When I was originally hired, it was as a freelancer, and I loved doing freelance work; that was the way I liked to work.  The variety was incredible.  I went in and did all the puppet costumes, and it was really a relief not to have to worry about a dancer’s inseam or their arm-stretch. I was working with puppets. But it had its own problems.

TP: What kind of adjustments did you have to make, making costumes for puppets versus people?

BE: I was lucky that Don Sahlin was a mentor for me at that point.  When I first came in, Jim sat me at his table – I have to tell you a very funny story. I’ll wander and you can cut out what you think–

TP: We want you to wander!

BE: (Laughs.) I had been doing some experiments on soft foam, because that’s what they used underneath all of this fleece that they used. They had just finished the first year’s taping of Sesame Street, so they had all these fabrics and materials and they were just playing around with them. And there was this big mound of foam that had hairs sticking out of it, and it had feathers, and all kinds of stuff, and it was just this big thing sitting on the table.

I was sitting there, and I was sketching the designs for Frog Prince, and Don was there, sitting across from me, and he was sewing away… and I thought I saw this thing move. I looked at it, and it didn’t do anything, so I thought it must be my imagination.  So I went back to drawing, and I could have sworn I saw it move again!  I looked at Don, and he’s still sewing away, and I couldn’t figure out what was going on.  Finally I saw it move and I reached over and grabbed it, and saw that Don had drilled a hole in the table and put an eyehook up inside the top of the head, with a string down through the table to a hook on the shelf of the table, and tied it to his shoe. He was sitting there and making this thing move and driving me crazy.  And that was my introduction to Muppets.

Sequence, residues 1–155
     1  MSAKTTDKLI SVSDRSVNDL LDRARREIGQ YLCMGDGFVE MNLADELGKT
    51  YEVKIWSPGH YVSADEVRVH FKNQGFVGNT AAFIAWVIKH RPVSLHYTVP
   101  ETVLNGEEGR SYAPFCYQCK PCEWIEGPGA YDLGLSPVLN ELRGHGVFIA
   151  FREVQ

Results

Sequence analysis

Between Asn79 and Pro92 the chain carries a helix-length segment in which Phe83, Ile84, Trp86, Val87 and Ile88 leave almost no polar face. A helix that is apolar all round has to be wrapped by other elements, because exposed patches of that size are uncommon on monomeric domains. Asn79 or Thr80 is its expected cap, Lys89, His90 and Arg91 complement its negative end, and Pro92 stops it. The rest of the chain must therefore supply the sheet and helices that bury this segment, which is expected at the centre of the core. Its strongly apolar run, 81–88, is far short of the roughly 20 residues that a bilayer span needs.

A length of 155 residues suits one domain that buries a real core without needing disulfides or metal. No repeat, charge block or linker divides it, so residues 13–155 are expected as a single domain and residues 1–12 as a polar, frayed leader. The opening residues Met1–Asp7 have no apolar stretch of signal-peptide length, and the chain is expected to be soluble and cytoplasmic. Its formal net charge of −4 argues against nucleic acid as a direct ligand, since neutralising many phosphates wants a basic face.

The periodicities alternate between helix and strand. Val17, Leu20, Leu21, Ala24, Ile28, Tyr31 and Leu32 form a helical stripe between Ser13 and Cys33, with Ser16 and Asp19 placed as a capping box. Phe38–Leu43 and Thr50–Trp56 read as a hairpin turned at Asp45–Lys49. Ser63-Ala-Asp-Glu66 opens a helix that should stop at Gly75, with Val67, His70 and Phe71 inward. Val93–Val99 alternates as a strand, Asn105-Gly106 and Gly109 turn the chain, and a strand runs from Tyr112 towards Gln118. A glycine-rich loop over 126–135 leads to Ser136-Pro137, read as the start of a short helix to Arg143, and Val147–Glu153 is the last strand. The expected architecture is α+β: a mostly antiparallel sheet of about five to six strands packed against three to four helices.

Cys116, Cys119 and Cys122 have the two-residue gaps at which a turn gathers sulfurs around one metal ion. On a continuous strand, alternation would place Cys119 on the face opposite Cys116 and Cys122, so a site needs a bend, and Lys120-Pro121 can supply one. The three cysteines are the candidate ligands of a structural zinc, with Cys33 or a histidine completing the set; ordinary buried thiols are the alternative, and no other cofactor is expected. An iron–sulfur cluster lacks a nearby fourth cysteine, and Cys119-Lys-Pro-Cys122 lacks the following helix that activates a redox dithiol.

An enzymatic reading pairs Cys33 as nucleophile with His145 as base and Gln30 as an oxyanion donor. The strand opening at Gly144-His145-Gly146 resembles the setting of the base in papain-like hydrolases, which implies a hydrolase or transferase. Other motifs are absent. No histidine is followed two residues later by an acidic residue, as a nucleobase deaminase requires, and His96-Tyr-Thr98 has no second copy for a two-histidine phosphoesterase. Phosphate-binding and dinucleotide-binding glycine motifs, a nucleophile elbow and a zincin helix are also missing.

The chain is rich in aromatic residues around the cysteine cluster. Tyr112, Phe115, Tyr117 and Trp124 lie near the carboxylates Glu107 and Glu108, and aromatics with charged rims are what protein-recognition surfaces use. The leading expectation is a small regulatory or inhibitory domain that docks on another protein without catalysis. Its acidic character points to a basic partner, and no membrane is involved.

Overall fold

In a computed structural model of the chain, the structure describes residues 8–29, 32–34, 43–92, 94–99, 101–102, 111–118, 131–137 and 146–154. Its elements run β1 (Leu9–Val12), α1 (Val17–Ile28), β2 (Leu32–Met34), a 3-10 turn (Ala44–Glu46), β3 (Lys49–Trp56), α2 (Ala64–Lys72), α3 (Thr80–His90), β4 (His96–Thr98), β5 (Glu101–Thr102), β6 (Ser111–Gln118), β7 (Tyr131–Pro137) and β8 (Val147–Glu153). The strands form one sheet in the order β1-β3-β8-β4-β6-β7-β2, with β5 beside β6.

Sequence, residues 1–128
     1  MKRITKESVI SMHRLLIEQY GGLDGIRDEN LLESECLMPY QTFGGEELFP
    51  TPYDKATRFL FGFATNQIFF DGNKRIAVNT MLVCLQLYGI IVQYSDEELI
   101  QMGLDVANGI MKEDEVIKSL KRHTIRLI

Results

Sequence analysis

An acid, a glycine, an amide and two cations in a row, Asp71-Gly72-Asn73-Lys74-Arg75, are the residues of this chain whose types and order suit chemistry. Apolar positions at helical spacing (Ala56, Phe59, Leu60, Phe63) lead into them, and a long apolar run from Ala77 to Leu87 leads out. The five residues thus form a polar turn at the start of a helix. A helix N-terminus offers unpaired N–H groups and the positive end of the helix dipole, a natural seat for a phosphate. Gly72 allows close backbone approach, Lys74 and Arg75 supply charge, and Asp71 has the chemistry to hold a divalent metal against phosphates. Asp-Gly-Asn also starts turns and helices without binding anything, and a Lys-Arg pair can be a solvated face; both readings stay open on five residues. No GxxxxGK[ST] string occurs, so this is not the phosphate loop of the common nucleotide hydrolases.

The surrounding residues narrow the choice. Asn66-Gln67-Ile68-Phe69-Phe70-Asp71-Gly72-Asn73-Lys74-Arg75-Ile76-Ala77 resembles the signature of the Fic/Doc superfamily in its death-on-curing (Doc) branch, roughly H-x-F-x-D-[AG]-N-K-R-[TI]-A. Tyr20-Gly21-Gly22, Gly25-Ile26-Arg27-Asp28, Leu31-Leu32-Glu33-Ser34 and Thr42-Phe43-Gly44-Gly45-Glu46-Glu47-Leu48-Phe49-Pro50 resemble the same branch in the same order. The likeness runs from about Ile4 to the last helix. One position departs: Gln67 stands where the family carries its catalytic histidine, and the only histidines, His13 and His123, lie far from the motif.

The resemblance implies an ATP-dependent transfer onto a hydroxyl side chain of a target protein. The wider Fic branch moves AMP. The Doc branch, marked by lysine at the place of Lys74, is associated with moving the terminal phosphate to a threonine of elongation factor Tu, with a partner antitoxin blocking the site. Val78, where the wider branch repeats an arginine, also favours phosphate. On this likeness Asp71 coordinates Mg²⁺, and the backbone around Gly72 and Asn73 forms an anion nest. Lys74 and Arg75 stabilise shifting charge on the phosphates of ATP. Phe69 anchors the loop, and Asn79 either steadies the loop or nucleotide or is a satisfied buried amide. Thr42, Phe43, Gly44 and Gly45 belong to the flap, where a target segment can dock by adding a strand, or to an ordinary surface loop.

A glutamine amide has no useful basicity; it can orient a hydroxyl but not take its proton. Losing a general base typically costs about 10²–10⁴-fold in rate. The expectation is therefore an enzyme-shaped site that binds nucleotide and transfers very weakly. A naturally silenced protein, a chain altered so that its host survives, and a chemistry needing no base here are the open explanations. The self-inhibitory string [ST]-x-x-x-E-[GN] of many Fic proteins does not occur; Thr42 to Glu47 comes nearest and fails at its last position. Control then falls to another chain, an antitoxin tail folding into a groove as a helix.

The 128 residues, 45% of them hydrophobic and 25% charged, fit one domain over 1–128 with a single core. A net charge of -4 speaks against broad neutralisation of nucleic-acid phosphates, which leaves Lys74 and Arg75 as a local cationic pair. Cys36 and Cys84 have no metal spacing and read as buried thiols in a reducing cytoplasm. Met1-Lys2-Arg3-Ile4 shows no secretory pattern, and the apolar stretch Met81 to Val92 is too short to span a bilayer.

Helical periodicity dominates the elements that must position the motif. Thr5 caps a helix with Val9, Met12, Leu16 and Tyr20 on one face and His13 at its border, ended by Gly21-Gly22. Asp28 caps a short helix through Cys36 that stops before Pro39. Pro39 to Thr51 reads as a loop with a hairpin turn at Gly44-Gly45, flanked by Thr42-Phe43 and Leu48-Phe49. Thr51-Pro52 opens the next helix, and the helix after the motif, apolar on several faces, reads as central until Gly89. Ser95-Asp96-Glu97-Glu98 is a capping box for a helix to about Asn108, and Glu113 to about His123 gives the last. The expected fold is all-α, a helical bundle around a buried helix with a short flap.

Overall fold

I was thinking about this later and realizing, you know, so many people have been so loyal to Jim, and to the work, and people have hung in there for so long. And I realized that we do it because it made us happy.  We were happy people working on those projects in those early days. It was a small crew, which grew, and I think when I finally left to start my own business we had gone from about seven people to about 27.

TP: And that was in the Muppet Show days?

BE: That was ’76.  And then of course there was a large group of freelance people who would come in and work on special projects, because Jim was always interested in artists who were doing interesting things that he could adapt to what he was doing.

It was interesting because not everyone who worked at Muppets was a puppet person. I came in and I had never really done puppets, but I had been a sculptor and I had done costumes, so that was my intro.  There were other people who had graphic backgrounds, like Michael Frith who came in later and was an illustrator. There were people who had simply been performers – Fran Brill, for instance, came in as an actor and had never done puppets before. Dave Goelz was an industrial designer and became a puppet builder and a primary puppeteer.